People say there is no place like home and I guess that was evident last weekend when my parents decided to ride out Hurricane Ida. Home for them is New Orleans and has been for more than a quarter century – if you count the time Dad spent bouncing back and forth from the Batesville newspaper office to their Laurel Street residence located just a couple of blocks from the mighty Mississippi.
The location is good, in New Orleans the closer you live to the river, the higher the elevation. Their confidence to shelter in place probably stemmed from minimal damage incurred at their house during Katrina. There was no flooding in their area, and they were back home within a few months after that catastrophe.
But that was bad. Mom, a lifelong animal lover, inherited a few (or more) neighborhood cats after being among the first residents back in the city in 2005. At this point in the story I must add that Dad wrote about Batesville “damncats” and New Orleans “damncats” for most of his career. They were always a fixture, good entertainment material for his columns.
It is questionable if the current Laurel Street crew are Katrina leftovers (damncats are damn near immortal) or descendants. But the cats and an elderly neighbor my parents help see after were contributing factors in their decision to brave the storm. I might add that decision was against the better judgment of all three of us siblings who tried to protest.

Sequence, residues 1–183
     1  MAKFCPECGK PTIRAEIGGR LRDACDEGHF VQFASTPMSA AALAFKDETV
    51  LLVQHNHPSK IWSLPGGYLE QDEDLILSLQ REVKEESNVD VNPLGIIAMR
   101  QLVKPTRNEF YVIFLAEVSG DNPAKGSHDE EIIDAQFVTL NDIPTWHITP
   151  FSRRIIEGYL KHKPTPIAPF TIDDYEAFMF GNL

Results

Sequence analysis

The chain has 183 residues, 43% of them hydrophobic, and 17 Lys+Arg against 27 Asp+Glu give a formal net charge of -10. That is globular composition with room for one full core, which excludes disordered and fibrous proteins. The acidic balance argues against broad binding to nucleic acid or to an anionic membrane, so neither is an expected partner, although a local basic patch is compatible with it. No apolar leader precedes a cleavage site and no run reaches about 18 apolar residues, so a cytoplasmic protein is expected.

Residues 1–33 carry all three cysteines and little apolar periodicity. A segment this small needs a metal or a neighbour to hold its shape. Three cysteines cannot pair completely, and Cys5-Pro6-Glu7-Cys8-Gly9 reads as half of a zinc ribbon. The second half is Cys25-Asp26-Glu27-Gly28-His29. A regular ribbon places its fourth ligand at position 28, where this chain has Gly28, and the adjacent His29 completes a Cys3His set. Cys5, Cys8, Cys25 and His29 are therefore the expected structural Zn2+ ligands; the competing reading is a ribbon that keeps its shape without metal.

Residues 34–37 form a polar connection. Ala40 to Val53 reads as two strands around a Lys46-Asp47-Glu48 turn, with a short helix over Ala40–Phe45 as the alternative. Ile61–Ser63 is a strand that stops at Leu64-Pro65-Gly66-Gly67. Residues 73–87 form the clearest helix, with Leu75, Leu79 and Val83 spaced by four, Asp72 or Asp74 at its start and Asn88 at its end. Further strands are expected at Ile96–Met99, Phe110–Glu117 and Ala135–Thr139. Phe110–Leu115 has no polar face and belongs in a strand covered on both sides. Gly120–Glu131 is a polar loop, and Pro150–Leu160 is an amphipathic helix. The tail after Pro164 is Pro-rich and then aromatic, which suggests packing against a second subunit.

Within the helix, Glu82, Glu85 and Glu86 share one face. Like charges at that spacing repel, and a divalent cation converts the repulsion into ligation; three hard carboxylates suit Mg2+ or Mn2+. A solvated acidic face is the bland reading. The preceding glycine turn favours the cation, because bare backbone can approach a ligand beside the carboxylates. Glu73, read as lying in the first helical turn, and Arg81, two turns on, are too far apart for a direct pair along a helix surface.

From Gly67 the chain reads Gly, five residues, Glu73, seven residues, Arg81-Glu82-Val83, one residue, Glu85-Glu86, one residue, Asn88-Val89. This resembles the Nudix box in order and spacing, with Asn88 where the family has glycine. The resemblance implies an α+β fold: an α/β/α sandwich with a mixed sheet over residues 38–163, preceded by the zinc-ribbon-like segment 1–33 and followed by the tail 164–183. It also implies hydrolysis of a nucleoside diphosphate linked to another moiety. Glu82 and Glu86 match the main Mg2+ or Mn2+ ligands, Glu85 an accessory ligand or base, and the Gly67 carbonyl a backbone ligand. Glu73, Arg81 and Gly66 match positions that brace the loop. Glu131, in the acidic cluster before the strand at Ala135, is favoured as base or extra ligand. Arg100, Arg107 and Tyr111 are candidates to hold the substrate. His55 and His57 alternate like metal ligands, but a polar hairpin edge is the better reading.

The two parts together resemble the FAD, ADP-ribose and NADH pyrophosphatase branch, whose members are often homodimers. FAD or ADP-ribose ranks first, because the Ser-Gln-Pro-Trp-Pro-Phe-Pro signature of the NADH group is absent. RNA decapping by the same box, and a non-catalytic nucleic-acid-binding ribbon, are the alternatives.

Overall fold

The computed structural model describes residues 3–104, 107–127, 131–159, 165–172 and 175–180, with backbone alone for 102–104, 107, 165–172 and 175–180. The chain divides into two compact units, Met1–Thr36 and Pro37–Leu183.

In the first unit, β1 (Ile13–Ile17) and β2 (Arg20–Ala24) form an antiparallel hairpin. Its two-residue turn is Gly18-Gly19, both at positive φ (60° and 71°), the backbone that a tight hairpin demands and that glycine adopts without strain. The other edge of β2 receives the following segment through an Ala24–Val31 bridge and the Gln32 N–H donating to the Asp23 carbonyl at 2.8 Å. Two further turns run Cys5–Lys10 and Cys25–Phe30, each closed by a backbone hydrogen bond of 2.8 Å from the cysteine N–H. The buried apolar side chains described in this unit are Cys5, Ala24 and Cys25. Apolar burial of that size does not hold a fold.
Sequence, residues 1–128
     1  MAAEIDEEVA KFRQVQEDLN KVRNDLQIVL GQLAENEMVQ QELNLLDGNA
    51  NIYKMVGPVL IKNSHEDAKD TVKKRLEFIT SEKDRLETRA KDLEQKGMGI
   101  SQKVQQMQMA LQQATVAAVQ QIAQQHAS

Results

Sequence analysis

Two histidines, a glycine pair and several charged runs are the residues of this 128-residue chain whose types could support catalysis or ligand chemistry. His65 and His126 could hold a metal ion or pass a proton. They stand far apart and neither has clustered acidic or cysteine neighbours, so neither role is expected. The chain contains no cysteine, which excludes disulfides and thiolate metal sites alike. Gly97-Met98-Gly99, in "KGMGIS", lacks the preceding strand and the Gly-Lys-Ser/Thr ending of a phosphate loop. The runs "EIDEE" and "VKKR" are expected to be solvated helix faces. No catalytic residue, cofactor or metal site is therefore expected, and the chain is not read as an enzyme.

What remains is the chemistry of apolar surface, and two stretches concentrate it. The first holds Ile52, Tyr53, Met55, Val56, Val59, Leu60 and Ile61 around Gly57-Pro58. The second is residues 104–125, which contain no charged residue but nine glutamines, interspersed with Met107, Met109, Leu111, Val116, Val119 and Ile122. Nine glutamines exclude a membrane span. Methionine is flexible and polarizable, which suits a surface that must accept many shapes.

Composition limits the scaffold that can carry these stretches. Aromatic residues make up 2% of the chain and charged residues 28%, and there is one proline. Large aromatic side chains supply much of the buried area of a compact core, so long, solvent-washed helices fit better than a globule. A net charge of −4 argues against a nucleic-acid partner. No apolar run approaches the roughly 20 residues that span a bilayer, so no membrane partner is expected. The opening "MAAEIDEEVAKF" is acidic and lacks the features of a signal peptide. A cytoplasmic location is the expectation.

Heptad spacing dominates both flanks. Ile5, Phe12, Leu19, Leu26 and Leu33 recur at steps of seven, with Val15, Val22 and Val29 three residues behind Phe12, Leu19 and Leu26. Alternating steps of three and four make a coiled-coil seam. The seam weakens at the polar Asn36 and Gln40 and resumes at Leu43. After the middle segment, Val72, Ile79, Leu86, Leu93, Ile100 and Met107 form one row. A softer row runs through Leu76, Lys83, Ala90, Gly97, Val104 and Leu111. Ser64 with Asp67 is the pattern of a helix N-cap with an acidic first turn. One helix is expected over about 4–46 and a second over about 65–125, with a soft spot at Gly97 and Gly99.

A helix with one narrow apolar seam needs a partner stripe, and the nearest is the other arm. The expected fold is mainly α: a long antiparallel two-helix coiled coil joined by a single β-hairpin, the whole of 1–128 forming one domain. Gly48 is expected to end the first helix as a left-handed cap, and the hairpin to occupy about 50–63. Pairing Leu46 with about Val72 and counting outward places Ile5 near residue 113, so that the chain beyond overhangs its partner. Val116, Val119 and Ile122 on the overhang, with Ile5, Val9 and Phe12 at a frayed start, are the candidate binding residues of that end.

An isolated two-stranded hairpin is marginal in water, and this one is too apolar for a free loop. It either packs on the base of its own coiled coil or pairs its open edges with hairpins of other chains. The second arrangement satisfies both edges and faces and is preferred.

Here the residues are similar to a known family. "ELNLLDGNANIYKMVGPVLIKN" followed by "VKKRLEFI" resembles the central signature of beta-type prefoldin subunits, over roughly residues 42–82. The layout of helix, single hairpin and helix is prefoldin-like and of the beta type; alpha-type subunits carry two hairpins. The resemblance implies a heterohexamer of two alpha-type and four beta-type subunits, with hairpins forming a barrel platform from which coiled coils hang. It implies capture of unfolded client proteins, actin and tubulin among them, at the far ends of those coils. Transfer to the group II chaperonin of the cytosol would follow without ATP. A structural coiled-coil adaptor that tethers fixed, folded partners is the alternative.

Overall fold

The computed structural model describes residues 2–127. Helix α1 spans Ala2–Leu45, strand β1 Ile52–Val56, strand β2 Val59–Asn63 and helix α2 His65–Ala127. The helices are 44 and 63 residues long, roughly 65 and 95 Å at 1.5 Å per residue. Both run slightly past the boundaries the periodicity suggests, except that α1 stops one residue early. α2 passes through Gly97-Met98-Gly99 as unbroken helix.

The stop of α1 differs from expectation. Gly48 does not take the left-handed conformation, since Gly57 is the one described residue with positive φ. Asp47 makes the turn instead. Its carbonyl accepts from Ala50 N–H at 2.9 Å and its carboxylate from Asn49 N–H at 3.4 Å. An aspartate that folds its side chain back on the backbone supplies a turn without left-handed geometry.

We got videos of trees swirling in the wind as Ida slammed the city for hours during the afternoon on Sunday. Texts followed until several hours after nightfall when cell service went down. We weren’t overly concerned, by that time they were confident the worst was almost over. The initial damage report was already in, somehow the brick wall on the front porch of the house was blown over, and the wind-fueled rain must have pushed a fair amount of water inside their home.
My sister, the youngest and most persistent of us received what she called a “two second” update Monday morning. Dad borrowed a neighbor’s phone that still had service and checked in. Before bedtime Tuesday, she was able to have a can-you-hear-me-now conversation with Mom.
She learned the city water was still flowing, their generator was powering the fridge and a fan and they have enough food to have time to hopefully figure out what to do next.
The next report came early Tuesday morning as Dad was able to send a group text to a dozen or so who had inquired. The updated damage assessment included a few missing shingles from the roof that was replaced after Katrina. There were no missing cats, he added.
Meanwhile we pondered the situation from afar in a group text that included the three of us and Uncle Rupert, Dad’s brother and lifelong newspaper partner. Thankfully Rupert was first to offer his house should they decide to head north in the coming days. I never did get an answer from him on his accommodations for those damncats.
It was no surprise that they survived the storm and a few will probably insist on joining a reprieve from the city. They are probably already waiting on top of the car.